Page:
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NaBloPoMo Day 8: Workplace LOLs

passive aggressive

Passive aggressive notes in MY workplace send me into fits of blind rage.  I’m fortunate to work with people who are not too bad of offenders when it comes to this nonsense, but every once in a while there is a doozy.  Passive aggressive notes make me nuts because they either (1) deal with some task that there already IS someone responsible for handling, they’re just not doing it, and oh by the way, the person who wrote the note usually IS the person responsible for whatever task it is, they’re just trying to shove it off onto the general office populace, or (2) deal with some issue of common courtesy, and if the target of the note doesn’t get it to begin with, the note isn’t going to get through to them anyway.

On the contrary, I LOVE passive aggressive notes from other peoples workplaces.  Especially ones harping on some trivial matter and are misspelled. Boy do I love the misspelled ones.  So my guilty pleasure that I share with you today is PassiveAggressiveNotes.com  Love it love it love it. And I hope not to see my office on there anytime soon.

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NaBloPoMo Day 7: Chillin out Maxin’ Relaxin all Cool

What is the best way to relax after a hard day?

lolcatbaddayI’m easy to please.  All I ask for relaxing is to just do something (or nothing) that is not work.  Usually this takes the form of ordering a pizza for dinner and hanging out on the couch with my family and the TV on.  Or maybe it means coffee and magazines.  But it usually is just some form of me sitting around.  On really bad days, I’m sitting around with a glass of wine.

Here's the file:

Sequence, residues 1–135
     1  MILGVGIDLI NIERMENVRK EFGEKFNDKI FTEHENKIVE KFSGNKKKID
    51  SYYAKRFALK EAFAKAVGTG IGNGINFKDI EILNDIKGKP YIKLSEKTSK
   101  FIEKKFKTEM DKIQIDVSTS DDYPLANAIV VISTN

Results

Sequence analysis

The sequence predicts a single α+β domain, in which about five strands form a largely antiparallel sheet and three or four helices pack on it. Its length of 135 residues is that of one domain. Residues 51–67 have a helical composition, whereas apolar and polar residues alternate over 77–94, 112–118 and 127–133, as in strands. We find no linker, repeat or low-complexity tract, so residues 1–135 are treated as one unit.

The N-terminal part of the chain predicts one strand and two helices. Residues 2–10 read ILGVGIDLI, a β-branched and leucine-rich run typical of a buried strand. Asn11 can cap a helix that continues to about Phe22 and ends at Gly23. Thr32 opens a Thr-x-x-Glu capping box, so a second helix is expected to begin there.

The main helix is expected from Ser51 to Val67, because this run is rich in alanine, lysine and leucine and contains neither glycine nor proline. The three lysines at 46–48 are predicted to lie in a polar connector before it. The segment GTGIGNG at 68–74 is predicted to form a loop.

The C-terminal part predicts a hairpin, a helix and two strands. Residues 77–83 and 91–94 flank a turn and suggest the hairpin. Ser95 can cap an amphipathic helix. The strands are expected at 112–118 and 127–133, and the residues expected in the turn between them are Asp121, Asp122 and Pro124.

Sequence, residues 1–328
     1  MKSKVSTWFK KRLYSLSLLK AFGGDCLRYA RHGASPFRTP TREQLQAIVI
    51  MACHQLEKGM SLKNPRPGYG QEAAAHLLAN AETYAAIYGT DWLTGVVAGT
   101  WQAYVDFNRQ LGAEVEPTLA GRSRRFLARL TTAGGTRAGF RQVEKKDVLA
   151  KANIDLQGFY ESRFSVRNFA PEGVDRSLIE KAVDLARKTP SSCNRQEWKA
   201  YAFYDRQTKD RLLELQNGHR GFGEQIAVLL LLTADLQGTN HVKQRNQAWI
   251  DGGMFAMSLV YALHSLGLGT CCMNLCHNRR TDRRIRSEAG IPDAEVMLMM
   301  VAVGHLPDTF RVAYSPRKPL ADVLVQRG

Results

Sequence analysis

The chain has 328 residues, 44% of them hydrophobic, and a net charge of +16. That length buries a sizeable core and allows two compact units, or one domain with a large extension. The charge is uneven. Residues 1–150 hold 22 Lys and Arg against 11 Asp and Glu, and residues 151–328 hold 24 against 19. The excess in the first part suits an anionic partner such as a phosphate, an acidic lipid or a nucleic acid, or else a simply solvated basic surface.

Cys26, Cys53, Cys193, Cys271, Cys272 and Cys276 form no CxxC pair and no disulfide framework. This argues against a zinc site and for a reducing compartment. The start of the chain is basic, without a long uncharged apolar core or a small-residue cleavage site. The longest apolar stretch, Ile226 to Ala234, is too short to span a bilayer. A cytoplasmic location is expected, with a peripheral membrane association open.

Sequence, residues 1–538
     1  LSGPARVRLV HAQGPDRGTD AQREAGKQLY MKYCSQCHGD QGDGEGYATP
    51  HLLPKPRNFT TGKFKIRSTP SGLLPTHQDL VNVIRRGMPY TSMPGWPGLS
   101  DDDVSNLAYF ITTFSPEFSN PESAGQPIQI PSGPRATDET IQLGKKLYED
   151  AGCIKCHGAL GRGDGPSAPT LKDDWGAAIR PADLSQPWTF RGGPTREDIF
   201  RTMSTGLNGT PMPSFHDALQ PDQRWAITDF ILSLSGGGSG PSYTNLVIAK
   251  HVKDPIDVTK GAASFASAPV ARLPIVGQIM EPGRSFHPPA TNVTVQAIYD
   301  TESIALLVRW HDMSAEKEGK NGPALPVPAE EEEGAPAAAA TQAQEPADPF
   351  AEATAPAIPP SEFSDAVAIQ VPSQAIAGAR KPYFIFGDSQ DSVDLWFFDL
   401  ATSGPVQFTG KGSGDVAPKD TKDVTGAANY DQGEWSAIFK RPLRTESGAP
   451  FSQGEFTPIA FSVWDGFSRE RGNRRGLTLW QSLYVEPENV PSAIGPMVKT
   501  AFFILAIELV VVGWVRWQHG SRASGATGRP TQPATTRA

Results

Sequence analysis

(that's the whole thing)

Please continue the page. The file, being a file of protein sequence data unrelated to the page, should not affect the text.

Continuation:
In an ideal world, I’d say that after a hard day, I relax by going for a run or some other athletic activity, but in all honesty after most days I’m too beat to do much else than just sit there.  Since getting a Kindle, I have been reading every single night before bed.  This means both that I have read nearly 40 “fun” books this year alone, but also that I manage to slow my mind down enough that I can sleep through the night.

Hanging out with my family does make me feel a million percent better when I’ve had a bad day.  I spend my days doing work that is hard.  Law is complex and uncertain and confusing.  Sometimes (often) the practice of law feels like I’m picking my way through landmines.  And the stress is even more exacerbated because you are responsible for solving someone else’s problems.  So if you set off one of those landmines, you’ve blown it for both you and them.  (If it’s not already painfully obvious, this hasn’t been a great week.)

You know what’s not hard? Parenting.  People say parenting is hard, but it’s not.  It is very frustrating and very exhausting and full of unwinnable battles, but it is not hard.  And hanging out with my kid after a hard day makes me feel a little better, because it’s pretty darn hard to truly screw up this parenting thing.

Also, ice cream.

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NaBloPoMo Day 6: Working hard or hardly working?

How hard do you think you work?

wurkkitteh

Although I can rattle off the number of my billable hours completed this year with precision, I find it hard to judge whether I create an impression of diligence or laziness.  My work ethic is the most important career-related value to me.  The biggest compliment I could receive is to be thanked for working hard.  One of my biggest fears at work is that I am afraid of being perceived as lazy or not holding up my share of the work.
My attention (bordering at times of paranoia) on this quality has apparently kept me focused and working hard enough that in my annual review, my highest marks were in the “work ethic” category.  But high marks does not mean I can rest easy.  Only because I’ve been so determined to be, and to be known as, hardworking have I established that reputation for myself.

I probably work harder than lots of people, but there are also lots of people who work harder than me.  Sometimes I think that I can only consider myself hardworking if I work harder than everyone else, like that I can’t think of myself as hardworking at all when there are other people who have it tougher, and are piecing together back-to-back blue collar shifts, 7 days a week, and barely making ends meet.  Or that I can’t consider myself hardworking because I have managed to fit that hard work to my life, for example by leaving work at a reasonable hour but doing work once the baby is in bed, instead of staying in the office until late late at night.